Elevation of the arm continues once 30 degrees of abduction has been reached, lateral rotation of the scapula begins, turning the glenoid fossa upwards to increase the total range of movement. For every 15 degrees of abduction from this point onwards, approximately 10 degrees occurs at the shoulder joint and 5 degrees by lateral rotation of the scapula. This lateral rotation of the scapula is produced by the concentric contraction of the upper and lower fibres of trapezius, and the lower half of serratus anterior. Other muscles assist these two in holding the scapula againts the thoracic wall.

As movement at the shoulder joint approaches 90 degrees (a total position of 120 degrees of abduction), there is lateral rotation of the humerus to prevent it: (1) from coming into contact with the coracoacromial arch and (2) stopping any further movement--a locked position.

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  Is ultrasound an effective treatment for musculoskeletal disorders?

  Most of the randomized controlled studies are inconclusive, but "there is evidence that ultrasound therapy is ineffective in the treatment of soft tissue shoulder disorders" (van der Heijden et al. 1997); There is also strong evidence that ultrasound is not an effective treatment for neck or lower back pain that is symptomatic relief or less disability and work loss.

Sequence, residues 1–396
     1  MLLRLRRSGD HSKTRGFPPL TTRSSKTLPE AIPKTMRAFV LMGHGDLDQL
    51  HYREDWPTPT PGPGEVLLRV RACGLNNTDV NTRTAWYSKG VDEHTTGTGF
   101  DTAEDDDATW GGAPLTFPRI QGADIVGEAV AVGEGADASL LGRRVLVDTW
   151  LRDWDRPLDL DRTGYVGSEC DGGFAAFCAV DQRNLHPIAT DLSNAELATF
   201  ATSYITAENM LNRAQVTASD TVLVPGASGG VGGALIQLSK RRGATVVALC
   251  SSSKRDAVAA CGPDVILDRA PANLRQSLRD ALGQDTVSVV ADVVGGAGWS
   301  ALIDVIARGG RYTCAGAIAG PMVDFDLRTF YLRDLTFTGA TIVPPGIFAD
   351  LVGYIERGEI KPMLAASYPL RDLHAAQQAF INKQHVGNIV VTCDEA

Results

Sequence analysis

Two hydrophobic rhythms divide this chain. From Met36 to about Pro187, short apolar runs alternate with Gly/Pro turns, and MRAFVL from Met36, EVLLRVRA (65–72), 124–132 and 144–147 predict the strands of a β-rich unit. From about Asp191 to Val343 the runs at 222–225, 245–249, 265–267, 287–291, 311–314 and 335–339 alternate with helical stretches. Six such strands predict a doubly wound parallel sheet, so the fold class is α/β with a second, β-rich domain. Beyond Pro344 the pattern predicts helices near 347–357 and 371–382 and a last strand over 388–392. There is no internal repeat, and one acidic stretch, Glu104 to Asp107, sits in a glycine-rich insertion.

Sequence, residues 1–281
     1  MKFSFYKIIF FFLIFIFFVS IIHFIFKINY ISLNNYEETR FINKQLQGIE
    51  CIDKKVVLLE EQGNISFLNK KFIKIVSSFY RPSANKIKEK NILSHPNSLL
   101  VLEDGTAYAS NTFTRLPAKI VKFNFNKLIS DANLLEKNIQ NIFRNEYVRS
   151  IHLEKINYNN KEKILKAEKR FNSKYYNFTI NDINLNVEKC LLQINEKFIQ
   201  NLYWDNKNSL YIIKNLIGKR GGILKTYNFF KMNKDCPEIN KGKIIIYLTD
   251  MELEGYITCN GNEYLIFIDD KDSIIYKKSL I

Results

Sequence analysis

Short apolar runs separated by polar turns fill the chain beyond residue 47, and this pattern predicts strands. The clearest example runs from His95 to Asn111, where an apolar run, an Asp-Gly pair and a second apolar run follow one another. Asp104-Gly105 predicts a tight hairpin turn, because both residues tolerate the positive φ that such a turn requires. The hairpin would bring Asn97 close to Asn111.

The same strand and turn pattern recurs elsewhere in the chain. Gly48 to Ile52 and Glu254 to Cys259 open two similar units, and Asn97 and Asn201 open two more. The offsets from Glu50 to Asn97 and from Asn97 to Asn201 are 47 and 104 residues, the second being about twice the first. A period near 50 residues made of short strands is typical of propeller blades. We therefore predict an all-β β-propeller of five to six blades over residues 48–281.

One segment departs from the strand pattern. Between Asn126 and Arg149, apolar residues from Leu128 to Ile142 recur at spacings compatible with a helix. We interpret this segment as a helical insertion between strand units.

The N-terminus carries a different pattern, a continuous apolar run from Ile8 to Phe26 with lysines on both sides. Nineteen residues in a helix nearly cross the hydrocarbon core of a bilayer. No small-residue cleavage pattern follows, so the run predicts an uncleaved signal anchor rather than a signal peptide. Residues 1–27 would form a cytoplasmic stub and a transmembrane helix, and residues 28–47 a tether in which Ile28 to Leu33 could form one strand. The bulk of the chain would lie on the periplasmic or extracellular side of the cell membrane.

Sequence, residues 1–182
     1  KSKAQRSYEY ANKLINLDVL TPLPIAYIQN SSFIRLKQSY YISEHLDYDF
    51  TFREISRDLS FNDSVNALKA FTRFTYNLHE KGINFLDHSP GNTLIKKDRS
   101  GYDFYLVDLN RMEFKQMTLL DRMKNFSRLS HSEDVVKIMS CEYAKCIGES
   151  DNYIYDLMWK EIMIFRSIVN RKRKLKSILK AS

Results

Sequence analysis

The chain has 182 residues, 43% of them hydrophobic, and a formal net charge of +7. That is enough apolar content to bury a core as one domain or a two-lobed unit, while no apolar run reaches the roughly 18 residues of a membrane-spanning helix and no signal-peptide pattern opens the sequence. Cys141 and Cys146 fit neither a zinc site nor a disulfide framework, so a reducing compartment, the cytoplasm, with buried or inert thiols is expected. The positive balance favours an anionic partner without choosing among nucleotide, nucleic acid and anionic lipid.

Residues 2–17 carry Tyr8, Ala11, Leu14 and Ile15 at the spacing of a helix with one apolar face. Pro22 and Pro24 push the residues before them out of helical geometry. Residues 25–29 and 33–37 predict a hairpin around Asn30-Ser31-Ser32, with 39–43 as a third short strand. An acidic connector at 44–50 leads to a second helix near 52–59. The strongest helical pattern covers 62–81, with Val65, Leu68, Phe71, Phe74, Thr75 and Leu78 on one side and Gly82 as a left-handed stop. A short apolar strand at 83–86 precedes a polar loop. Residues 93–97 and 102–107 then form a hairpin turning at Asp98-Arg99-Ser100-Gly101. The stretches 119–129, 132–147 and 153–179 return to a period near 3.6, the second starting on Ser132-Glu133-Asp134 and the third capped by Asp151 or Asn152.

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  To treat or not to treat?

  Needless to say, there can be no justification for physical treatment unless that treatment is known to accelerate the natural history of the condition or to assist in the recovery of function. We believe that all patients are entitled to comprehensive guidance and education in the appropriate strategies to assist in the healing process and to regain normal painless function.
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  Is there any treatment or rehabilitation program for an anterior cruciate ligament tear other than surgery?

  Yes. The first therapeutic exercises that we recommend to our patients once the swelling and pain have subsided are quadriceps strengthening utilizing closed-chain exercises, (exercise in which the limb is restrained against an immobile object) such as mid-range squads. The main reason why we choose closed-chain exercises versus open-chain ones is the fact that the anterior cruciate ligament primary function is to restrain the anterior translation of the tibia on the femur, and we believe that open-chain exercises such as isotonic knee extension, creates too great of a stress on the anterior cruciate ligament therefore harming it.